Nigerian Male Celebrities Are Hot – Nana Prah

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Nana Prah is a Ghanaian author of contemporary multicultural romances. Prah, who is also a nurse educator, has published about five romance novels. She shares her views on love, romance and other issues with The Interview.

Writing all these romance books, you must lead an exciting life, yes?

That’s one of the funniest questions I’ve ever been asked. My life is not exciting, unless you count teaching, shopping in the market and hanging out with my friends and family as enthralling. I write because I know people need an escape from the ordinary, not because I live an extraordinary life.

How do you research for your books?

I rely on the internet a lot. When one of my characters has an occupation that matches mine or a friend’s it makes things easier. I just have to ‘harass’ my friend for information. Once they find out my research is for a novel they open right up.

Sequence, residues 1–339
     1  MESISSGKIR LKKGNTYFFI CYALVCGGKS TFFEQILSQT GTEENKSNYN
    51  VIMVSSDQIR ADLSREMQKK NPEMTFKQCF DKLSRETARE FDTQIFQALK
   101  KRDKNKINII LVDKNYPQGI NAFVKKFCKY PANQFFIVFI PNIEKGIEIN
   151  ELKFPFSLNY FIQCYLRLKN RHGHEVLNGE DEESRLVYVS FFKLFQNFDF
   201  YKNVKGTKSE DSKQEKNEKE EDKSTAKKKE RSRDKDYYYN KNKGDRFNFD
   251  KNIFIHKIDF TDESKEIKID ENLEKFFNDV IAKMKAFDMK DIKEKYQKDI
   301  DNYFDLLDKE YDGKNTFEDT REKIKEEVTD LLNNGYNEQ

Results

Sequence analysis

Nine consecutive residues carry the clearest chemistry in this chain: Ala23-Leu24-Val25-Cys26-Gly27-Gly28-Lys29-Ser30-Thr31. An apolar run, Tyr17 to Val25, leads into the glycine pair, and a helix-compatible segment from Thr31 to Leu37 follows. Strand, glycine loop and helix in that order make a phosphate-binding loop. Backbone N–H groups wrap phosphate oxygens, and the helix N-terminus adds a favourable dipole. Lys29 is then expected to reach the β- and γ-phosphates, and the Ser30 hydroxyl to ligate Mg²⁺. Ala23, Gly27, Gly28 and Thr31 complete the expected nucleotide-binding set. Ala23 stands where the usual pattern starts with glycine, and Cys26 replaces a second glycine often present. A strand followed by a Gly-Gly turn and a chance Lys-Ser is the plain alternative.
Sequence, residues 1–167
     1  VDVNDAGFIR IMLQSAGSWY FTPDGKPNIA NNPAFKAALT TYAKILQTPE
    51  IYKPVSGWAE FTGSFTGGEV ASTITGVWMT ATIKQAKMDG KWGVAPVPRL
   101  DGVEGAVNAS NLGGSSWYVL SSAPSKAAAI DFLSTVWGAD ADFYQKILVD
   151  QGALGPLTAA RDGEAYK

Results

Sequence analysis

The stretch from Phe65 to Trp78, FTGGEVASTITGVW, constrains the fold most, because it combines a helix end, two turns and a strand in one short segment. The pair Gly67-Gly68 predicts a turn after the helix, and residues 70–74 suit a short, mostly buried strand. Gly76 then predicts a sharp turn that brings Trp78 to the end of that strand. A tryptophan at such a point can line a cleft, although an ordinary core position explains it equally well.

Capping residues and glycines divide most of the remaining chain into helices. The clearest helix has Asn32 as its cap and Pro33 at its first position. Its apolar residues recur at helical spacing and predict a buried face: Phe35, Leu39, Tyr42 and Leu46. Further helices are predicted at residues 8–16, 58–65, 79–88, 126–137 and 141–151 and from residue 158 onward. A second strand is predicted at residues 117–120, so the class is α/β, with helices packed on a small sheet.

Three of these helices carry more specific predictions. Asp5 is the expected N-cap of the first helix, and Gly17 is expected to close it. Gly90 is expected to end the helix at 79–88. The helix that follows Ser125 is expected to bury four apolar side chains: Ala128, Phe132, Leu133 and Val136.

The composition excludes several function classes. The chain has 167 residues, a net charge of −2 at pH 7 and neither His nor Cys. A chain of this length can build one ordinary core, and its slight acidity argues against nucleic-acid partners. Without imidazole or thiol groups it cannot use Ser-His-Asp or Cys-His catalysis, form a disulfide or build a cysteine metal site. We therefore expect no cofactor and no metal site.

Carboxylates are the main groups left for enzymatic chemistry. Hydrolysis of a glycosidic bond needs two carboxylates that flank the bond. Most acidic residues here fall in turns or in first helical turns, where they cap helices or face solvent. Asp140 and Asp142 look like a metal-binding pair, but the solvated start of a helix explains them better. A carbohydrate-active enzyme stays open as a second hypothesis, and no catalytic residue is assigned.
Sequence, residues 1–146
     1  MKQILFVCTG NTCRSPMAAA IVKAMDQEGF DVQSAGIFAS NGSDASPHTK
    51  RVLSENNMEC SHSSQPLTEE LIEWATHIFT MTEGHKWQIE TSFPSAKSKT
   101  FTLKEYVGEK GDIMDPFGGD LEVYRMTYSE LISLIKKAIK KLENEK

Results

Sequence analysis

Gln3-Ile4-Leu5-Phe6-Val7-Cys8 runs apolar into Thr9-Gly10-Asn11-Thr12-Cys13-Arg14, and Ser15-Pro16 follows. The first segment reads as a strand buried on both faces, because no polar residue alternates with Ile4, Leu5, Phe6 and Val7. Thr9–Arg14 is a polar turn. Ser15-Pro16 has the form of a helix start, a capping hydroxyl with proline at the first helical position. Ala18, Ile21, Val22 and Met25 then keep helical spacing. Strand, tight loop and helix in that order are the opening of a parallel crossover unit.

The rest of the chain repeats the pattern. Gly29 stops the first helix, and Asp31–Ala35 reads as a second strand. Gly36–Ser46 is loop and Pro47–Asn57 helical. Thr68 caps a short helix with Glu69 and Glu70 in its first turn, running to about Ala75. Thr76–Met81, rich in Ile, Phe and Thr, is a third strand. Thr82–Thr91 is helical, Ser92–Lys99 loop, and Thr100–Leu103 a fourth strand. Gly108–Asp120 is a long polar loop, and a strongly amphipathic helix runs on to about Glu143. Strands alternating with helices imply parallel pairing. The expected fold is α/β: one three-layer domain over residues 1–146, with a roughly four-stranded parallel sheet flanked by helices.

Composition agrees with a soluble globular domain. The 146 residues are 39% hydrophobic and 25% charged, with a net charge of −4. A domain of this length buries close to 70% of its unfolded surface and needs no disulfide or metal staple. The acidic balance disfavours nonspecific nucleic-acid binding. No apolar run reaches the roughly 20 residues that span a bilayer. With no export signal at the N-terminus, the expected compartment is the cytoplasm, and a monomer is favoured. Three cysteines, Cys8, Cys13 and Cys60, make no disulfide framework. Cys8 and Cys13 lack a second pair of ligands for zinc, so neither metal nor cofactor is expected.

You train nurses and also write romance novels and I am wondering what the connection is.

There is no connection. My two occupations are worlds apart and I like it that way. Being a nurse educator is what keeps me fed and housed, while writing keeps my soul happy. My students don’t know that I write. I’m sure that if they did, they’d be impressed that I’m published but shocked that their teacher writes romance.

Can you describe yourself in five words?

Intelligent, loyal, snarky, industrious and kind

Can you briefly describe your writing style? Define briefly?

Just kidding. I write romances that I like to read – those with quick-witted dialogues and a pace that moves quickly so the reader gets absorbed into the lives of the characters. The romance aspect in my novels moves at a slower pace, in order to build the tension between the hero and heroine to nail-biting intensity. When they do get together the reader is more than delighted, because they know the characters are meant to be together and why.

How long does it take you to write a book?